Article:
Thank you to all who have participated so far. If you would like to participate in our survey, we will continue to keep it open and update this blog.  We also welcome your comments below.

Heidi Bloch Hiller is the Owner and Creative Director of Innovative Party Planners.  She has worked in the event industry for almost twenty years and has planned and decorated thousands of Bar and Bat Mitzvahs.  She can be found on twitter @innovativeparty.

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5 Responses

  1. Sheri K says:

    A great article. Though the family contribution aspect may seem “low” to you. You’d be surprised that fewer and fewer grandparents are donating to offset the expense of the celebration or religious aspect of the Bnei Mitzvah.

    • Heidi says:

      Thank you for your feedback Sheri. We are curious to know if others find that as well.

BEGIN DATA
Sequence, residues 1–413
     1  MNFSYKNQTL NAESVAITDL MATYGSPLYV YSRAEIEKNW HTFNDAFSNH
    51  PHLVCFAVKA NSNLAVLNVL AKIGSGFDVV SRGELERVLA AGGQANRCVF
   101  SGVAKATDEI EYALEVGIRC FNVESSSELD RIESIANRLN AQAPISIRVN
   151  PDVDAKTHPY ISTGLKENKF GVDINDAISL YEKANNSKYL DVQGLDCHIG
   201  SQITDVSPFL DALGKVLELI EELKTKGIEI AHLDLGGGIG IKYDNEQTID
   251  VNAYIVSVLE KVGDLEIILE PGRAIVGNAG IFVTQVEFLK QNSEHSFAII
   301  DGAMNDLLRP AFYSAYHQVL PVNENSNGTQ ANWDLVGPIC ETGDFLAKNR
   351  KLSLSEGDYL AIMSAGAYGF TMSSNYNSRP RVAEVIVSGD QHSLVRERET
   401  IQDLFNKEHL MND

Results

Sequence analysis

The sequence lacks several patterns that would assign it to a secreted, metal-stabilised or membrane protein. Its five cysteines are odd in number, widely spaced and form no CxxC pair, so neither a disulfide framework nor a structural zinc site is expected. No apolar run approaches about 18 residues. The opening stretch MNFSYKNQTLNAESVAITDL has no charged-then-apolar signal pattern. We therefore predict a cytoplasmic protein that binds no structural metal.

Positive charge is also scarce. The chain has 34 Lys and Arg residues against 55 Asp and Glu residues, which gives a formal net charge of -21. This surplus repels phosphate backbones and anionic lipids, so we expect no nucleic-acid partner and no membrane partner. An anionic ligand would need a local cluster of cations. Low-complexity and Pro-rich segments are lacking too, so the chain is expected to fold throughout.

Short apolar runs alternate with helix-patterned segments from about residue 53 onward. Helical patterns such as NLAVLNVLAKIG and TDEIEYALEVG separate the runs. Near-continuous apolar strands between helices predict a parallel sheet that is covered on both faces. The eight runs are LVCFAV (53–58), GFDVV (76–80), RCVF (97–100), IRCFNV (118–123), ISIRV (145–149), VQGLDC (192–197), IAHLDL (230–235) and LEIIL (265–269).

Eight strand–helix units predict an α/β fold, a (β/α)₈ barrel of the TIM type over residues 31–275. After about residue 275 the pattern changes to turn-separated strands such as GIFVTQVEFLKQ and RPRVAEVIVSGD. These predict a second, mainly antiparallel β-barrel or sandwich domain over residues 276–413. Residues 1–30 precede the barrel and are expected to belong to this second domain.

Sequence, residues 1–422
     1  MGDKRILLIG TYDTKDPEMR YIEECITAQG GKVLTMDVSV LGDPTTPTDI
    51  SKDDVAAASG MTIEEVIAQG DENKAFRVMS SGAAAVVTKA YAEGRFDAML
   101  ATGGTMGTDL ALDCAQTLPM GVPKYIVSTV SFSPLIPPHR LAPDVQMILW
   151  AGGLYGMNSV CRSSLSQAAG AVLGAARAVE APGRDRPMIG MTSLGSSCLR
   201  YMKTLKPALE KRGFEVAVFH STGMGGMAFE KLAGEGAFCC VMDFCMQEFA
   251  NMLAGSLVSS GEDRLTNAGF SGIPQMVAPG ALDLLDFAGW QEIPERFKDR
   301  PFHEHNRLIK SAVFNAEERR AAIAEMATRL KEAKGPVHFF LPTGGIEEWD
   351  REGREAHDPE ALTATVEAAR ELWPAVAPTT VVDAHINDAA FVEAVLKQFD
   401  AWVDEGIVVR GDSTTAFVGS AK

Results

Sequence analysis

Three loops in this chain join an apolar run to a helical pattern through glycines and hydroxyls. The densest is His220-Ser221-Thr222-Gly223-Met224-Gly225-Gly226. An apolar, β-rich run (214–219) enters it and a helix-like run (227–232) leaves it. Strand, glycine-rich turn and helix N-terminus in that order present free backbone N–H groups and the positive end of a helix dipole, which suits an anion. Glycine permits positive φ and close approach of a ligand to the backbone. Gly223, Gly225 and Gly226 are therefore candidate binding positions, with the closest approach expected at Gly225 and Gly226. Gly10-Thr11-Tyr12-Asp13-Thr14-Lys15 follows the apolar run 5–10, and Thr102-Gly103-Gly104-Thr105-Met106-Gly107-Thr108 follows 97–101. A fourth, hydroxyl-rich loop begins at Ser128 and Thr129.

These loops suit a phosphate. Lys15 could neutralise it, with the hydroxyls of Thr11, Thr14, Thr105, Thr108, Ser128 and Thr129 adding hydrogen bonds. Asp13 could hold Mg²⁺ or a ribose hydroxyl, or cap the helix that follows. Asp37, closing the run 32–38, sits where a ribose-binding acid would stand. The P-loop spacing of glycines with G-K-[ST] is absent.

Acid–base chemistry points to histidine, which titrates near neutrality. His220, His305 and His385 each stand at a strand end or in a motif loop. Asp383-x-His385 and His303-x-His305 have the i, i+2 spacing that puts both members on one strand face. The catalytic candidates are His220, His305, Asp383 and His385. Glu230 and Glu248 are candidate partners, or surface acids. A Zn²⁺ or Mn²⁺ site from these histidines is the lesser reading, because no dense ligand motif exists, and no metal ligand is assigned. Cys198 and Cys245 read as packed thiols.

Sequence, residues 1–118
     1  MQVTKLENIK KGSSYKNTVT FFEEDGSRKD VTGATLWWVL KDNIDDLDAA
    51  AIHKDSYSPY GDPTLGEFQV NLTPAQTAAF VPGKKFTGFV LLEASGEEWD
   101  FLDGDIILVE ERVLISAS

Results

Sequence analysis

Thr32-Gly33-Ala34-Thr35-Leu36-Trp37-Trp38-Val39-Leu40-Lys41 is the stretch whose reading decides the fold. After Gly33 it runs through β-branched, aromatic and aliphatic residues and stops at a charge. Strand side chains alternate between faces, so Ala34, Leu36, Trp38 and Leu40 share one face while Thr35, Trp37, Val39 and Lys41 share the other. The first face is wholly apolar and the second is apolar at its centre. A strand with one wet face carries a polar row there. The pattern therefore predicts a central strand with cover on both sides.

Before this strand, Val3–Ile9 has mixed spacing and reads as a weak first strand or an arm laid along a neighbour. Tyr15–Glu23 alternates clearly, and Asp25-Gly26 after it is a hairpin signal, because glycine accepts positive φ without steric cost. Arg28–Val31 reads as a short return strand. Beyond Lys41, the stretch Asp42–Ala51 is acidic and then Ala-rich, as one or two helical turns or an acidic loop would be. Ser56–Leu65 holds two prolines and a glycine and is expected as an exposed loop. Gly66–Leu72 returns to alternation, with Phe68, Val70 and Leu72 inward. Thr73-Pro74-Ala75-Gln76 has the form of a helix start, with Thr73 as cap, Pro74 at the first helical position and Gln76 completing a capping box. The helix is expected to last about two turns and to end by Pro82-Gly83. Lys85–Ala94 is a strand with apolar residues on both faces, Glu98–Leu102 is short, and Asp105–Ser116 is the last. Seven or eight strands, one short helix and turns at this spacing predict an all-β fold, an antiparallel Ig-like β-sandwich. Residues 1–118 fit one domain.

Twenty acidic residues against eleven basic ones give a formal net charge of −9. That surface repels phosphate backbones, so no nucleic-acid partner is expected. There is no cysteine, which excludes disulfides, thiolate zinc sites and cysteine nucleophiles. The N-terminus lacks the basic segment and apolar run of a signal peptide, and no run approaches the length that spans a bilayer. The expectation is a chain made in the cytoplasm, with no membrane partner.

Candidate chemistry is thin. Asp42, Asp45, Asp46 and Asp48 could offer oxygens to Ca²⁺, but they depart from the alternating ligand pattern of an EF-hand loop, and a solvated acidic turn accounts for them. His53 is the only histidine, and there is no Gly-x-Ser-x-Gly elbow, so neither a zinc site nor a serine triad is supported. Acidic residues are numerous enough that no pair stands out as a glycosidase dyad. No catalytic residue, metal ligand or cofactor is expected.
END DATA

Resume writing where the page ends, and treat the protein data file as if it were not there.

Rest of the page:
• Kappy says:

        I have found that grandparents are not donating to offset expenses because they find the amount of money spent on these celebrations has gotten out of control and the true meaning of the entire coming of age is getting lost. It’s not about throwing the biggest party with the most stuff and grandparents see how in the end there are far more important things to donate towards that will last longer such as a college education or even a first car. I have heard of grandparents offering money to their children (not their grandchild) to NOT throw a thing ring circus! Great article – thank you.

        • Heidi says:

          Excellent point. It is our experience that when the grandparents are helping it is in situations where the parents don’t have the means and the significance and meaning of the day is not lost.

  2. Susan says:

    Here’s another tip re postage for the invitations. Obviously, if you use email invites, postage is not an issue. The invitation plus envelope really doesn’t have to weigh more than a standard postage in order to convey meaning, so paper weight and add-ons are also a consideration. We opted for phone and email RSVPs, thus eliminating the cost of reply cards, envelopes, AND stamps.